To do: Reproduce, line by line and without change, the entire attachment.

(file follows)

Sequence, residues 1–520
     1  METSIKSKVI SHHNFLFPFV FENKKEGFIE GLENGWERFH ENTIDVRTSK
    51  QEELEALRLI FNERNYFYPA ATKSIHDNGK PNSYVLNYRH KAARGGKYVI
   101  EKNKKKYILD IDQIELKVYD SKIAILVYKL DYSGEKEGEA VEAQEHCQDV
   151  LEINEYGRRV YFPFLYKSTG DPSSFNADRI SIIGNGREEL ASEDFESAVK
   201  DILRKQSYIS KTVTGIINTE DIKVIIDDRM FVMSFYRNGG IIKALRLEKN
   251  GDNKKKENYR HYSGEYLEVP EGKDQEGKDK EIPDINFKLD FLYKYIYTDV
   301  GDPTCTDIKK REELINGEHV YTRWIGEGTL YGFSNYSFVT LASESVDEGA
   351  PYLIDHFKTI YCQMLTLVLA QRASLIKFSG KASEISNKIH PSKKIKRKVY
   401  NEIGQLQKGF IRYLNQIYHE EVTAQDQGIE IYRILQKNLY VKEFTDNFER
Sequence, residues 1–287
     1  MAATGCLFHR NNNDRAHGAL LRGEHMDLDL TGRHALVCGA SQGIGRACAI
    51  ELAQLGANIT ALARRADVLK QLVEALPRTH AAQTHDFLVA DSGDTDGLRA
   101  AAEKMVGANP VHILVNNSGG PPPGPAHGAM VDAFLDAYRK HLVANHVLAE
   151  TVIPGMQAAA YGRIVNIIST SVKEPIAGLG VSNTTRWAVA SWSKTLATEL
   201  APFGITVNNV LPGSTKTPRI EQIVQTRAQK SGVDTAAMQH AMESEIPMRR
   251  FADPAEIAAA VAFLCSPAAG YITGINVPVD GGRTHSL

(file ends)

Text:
Sequence, residues 1–520
     1  METSIKSKVI SHHNFLFPFV FENKKEGFIE GLENGWERFH ENTIDVRTSK
    51  QEELEALRLI FNERNYFYPA ATKSIHDNGK PNSYVLNYRH KAARGGKYVI
   101  EKNKKKYILD IDQIELKVYD SKIAILVYKL DYSGEKEGEA VEAQEHCQDV
   151  LEINEYGRRV YFPFLYKSTG DPSSFNADRI SIIGNGREEL ASEDFESAVK
   201  DILRKQSYIS KTVTGIINTE DIKVIIDDRM FVMSFYRNGG IIKALRLEKN
   251  GDNKKKENYR HYSGEYLEVP EGKDQEGKDK EIPDINFKLD FLYKYIYTDV
   301  GDPTCTDIKK REELINGEHV YTRWIGEGTL YGFSNYSFVT LASESVDEGA
   351  PYLIDHFKTI YCQMLTLVLA QRASLIKFSG KASEISNKIH PSKKIKRKVY
   401  NEIGQLQKGF IRYLNQIYHE EVTAQDQGIE IYRILQKNLY VKEFTDNFER
Sequence, residues 1–287
     1  MAATGCLFHR NNNDRAHGAL LRGEHMDLDL TGRHALVCGA SQGIGRACAI
    51  ELAQLGANIT ALARRADVLK QLVEALPRTH AAQTHDFLVA DSGDTDGLRA
   101  AAEKMVGANP VHILVNNSGG PPPGPAHGAM VDAFLDAYRK HLVANHVLAE
   151  TVIPGMQAAA YGRIVNIIST SVKEPIAGLG VSNTTRWAVA SWSKTLATEL
   201  APFGITVNNV LPGSTKTPRI EQIVQTRAQK SGVDTAAMQH AMESEIPMRR
   251  FADPAEIAAA VAFLCSPAAG YITGINVPVD GGRTHSL